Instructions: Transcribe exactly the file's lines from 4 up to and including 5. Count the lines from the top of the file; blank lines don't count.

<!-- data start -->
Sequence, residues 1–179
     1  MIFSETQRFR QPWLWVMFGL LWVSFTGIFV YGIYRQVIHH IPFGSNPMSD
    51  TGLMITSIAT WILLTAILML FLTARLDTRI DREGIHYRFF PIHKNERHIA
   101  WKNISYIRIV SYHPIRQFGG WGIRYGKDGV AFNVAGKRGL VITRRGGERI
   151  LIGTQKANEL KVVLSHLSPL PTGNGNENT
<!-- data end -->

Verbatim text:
   101  WKNISYIRIV SYHPIRQFGG WGIRYGKDGV AFNVAGKRGL VITRRGGERI
   151  LIGTQKANEL KVVLSHLSPL PTGNGNENT